Sonny Barger aboard his 80-inch Harley stroker with high bars and long tailpipies, 1959. This bike design was considered pretty progressive for it’s time.
Ralph “Sonny” Barger, long considered the Godfather of the Hells Angels MC (having started the original Oakland chapter) is definitely an original “one percenter” if there ever was one. There’s a lot of very interesting history behind Sonny and the Hells Angels that I can’t post, so if you’re itching for more, check out his books Here’s a little collection of pics, along with some of Sonny’s personal accounts on his life and times, and the history of the club– and be sure to check out the vintage Hells Angels video at the end of the post.
From Sonny Barger’s autobiography–
“When I saw The Wild One, Lee Marvin instantly became my hero Lee’s character, Chino, was my man. Marlon Brando as Johnny was the bully. His boys rode Triumphs and BSAs and wore uniforms. Lee’s attitude was ‘If you f*ck with me, I’ll hit you back.’ Lee and his boys were riding f*cked-up Harleys and Indians. I certainly saw more of Chino in me than Johnny. I still do.”
“As a street tough, I looked the part. I wore my Levi’s jeans with one-inch-wide cuffs at the bottom, smoked Camels (as opposed to Lucky Strikes, my Dad’s brand), had the attitude, and rode a motorcycle My friends and I wore V-neck T-shirts with a cigarette pack rolled up in the sleeve. We bought black engineer boots (with a silver buckle) at the Red Wing shoe store, the same place Oakland working grunts bought their work boots. If you had the cash, a black leather jacket made sense if you rode motorcycles.”
“I joined my first bike club, the Oakland Panthers, in 1956. It didn’t last too long. We were a bunch of local bike riders who liked to hang out. Freewheeling clubs were just starting out then. After a couple weeks I knew we weren’t cutting it. We seemed pretty pointless, like we weren’t a real club. We were just a bunch of kids. Some of us didn’t even know each other’s names.”
“I quit the club as quickly as I started it. Sure, they’d party, but when the sh*t came down, they didn’t stick together. I felt no brotherhood. When the cops busted someone, he was on his own It was like ‘F*ck him, I’m outta here.’ What I needed was more solidarity and less cover your own ass.”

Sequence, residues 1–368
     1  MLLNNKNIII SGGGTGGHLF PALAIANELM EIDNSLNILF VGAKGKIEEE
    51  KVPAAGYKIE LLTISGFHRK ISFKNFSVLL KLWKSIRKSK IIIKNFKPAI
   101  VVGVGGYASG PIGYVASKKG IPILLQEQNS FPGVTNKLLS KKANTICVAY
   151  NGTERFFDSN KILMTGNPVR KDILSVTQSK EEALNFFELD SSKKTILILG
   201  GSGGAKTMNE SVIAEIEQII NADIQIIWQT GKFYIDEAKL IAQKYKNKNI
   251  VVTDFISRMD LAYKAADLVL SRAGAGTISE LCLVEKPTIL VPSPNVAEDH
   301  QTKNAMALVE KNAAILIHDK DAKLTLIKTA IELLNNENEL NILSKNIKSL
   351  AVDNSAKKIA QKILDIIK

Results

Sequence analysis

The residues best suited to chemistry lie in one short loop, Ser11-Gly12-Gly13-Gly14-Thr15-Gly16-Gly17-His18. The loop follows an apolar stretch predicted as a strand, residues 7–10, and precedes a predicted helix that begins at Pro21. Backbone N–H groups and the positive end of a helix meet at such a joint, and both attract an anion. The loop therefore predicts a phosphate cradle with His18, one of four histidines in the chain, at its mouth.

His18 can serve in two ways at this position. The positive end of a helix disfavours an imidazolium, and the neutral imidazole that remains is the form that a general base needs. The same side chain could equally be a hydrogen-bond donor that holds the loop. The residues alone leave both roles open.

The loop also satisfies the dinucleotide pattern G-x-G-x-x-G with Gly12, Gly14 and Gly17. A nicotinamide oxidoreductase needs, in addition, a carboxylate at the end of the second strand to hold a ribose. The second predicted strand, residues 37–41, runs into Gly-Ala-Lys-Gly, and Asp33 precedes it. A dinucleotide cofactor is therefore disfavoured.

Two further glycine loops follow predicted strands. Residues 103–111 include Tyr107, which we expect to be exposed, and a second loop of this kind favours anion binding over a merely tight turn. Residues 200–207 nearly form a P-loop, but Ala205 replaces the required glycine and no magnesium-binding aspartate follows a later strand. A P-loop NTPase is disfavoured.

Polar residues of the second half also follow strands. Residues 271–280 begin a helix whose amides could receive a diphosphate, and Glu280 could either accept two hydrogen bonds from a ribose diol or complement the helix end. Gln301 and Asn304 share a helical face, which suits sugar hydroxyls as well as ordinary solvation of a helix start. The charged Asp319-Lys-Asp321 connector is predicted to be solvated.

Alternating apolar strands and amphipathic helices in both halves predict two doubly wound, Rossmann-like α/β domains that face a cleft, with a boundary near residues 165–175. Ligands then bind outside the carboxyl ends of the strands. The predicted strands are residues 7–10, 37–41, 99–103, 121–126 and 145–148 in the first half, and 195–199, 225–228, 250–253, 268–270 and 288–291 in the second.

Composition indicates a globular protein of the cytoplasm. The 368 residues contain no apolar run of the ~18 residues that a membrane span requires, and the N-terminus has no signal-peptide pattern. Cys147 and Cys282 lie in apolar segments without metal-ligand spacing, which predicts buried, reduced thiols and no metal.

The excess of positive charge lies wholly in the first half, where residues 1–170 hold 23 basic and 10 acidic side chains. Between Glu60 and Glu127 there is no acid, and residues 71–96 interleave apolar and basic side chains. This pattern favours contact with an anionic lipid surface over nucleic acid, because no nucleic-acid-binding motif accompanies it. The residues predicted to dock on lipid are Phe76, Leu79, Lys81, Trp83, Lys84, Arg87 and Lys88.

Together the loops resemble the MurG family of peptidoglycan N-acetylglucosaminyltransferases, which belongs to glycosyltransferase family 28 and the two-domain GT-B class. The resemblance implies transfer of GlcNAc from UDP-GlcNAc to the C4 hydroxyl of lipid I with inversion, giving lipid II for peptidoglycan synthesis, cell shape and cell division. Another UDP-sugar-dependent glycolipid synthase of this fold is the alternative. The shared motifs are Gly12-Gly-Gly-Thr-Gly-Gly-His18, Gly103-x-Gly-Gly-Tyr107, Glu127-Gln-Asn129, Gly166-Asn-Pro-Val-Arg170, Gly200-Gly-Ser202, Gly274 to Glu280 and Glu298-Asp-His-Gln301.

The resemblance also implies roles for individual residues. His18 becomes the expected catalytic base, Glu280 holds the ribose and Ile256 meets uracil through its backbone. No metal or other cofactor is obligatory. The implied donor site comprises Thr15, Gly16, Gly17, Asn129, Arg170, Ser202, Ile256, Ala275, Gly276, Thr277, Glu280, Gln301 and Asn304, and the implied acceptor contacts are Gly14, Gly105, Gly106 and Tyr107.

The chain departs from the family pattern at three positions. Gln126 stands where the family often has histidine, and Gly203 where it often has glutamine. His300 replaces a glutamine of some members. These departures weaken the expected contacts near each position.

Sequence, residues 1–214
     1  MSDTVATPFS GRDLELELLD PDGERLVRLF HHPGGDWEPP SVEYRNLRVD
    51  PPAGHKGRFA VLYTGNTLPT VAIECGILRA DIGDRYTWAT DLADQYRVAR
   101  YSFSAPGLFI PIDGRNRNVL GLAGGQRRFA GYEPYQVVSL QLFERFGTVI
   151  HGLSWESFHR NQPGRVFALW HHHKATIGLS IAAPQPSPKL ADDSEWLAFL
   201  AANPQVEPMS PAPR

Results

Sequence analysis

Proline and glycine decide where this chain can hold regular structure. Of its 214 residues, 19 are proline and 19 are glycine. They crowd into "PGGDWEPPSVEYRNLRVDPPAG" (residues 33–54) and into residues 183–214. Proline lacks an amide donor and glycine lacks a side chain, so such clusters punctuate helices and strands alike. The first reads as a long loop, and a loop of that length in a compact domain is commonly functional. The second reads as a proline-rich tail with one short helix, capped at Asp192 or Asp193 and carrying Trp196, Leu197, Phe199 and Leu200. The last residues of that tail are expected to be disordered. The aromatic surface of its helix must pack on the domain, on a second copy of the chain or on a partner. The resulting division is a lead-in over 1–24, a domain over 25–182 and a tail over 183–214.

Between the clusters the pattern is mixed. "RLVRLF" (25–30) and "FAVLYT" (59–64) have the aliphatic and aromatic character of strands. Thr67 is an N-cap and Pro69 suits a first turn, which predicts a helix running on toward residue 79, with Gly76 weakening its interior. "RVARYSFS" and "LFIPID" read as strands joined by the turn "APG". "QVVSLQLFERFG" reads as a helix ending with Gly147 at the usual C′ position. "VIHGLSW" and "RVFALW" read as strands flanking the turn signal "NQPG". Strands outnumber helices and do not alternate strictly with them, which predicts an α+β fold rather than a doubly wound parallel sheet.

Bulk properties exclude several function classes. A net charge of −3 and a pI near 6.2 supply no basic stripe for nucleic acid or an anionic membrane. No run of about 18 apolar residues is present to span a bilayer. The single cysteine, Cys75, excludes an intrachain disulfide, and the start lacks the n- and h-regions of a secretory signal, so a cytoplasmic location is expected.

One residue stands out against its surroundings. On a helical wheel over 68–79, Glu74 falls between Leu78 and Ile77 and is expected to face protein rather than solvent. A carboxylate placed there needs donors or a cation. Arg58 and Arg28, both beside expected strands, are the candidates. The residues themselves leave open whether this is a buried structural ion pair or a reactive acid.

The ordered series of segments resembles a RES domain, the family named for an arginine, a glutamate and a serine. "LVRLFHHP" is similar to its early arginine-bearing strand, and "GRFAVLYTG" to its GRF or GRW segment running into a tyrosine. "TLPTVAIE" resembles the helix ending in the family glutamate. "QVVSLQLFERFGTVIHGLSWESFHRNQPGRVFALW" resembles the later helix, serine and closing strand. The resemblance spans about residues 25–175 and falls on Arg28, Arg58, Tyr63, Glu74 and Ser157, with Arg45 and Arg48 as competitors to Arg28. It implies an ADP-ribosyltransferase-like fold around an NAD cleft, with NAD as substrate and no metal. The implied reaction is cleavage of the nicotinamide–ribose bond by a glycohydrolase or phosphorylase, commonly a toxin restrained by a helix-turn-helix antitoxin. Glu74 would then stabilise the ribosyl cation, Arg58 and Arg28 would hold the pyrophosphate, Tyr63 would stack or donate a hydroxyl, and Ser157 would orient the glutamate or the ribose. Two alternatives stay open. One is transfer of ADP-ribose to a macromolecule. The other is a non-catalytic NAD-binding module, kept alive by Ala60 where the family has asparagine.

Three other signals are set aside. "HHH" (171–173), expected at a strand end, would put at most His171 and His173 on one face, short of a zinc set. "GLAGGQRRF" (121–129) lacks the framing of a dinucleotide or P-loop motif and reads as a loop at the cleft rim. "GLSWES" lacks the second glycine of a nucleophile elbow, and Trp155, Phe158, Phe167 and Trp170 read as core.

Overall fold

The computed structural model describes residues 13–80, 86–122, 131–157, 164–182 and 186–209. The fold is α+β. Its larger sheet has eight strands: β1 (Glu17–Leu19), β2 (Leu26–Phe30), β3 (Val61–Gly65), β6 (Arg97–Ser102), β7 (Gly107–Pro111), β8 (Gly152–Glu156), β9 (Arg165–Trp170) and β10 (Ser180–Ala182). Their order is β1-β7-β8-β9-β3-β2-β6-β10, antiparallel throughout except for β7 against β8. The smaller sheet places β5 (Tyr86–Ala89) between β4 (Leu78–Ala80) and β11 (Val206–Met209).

“During both world wars, bomber squadrons and divisions of military men formed their own tight circles. Bands of young draftees and enlistees would think up a name and design a cool-looking logo to show how tough and deadly they were as fighters. Patches were sewn on government-issue leather bomber jackets and the brass seemed okay with it.”
“The term ‘Hell’s Angels’ had been bouncing around the military as far back as World War I, when a fighter squadron first took on the name. During the 1920s in Detroit, a motorcycle club affiliated with the American Motorcyclist Association named themselves Hell’s Angels… A group of mercenary war pilots called the Flying Tigers flew for the Chinese, and one of their squadrons called themselves Hell’s Angels WWII had a few groups called Hell’s Angels, including an American Air Force bomber company stationed in england, the 358th Bomber Squadron, another Navy torpedo squadron– I think it was the 109th Airborne– and the 108th Airborne, paratroopers during the Korean War.”
“As far back as 1917, during WWI, both the German and American infantries successfully used bike (motorcycle) riders as couriers, scouts, and communications dispatchers. In response, the Harley-Davidson Motorcycle Company won big government contracts manufacturing bikes for the American war machine in Europe, delivering up to 20,000 cycles. During the 1930s and 1940s, Hitler’s Nazi war machine trained motorcyclists into more active combat roles, using higher-tech BMWs. Hitler’s Panzer divisions relied heavily on skilled motorcycle soldiers Instead of scouts and messengers, motorcyclists mounted machine guns on their bikes, rode on reconnaissance missions, scouted ambushes, occupied bridges and landmarks, rode through land-mined fields, and escorted tanks into battle.”
“As a result, aggressive, restless, roaming daredevil riders evolved by the end of WWII, unafraid to ride full-throttle and kick ass. Some cite returning wartime bikers as the beginning of ‘outlaw motorcycle types’ dating from 1948 to the early 1950s. Before WWII, motorcycle clubs were like gentleman’s clubs– riders actually wore coats and ties. After WWII, clubs like the Boozefighters retained both the aggressive spirit of war and combat and the look– leather bomber jackets, flight goggles, and long scarves One of their credos was– Jesus Died So We Could Ride.“
“Clubless and bored, I rode around the Oakland streets with a new wild bunch. We talked about starting up another club. One of the riders, Boots, Don Reeves, wore a modified Air Force-like patch he’d found in Sacramento– a small skull wearing an aviator set inside a set of wings. I thought it was cool as hell. The bottom rocker read ‘Sacto.’ We later found out that Boots’s patch came from a defunct motorcycle club in North Sacramento. Boots’s idea was to name our new club after the patch, the Hell’s Angels. We all liked the name, so we hit a local trophy shop in Hayward and made up a set of patches based on the design (later called the death head) in April of 1957, not really knowing that there were other Hell’s Angels motorcycle clubs around the state of California For almost the first year of our existence we didn’t even use “Oakland” as a bottom rocker. Instead, we were “Nomad” Hell’s Angels. Yeah, that sounded like us.”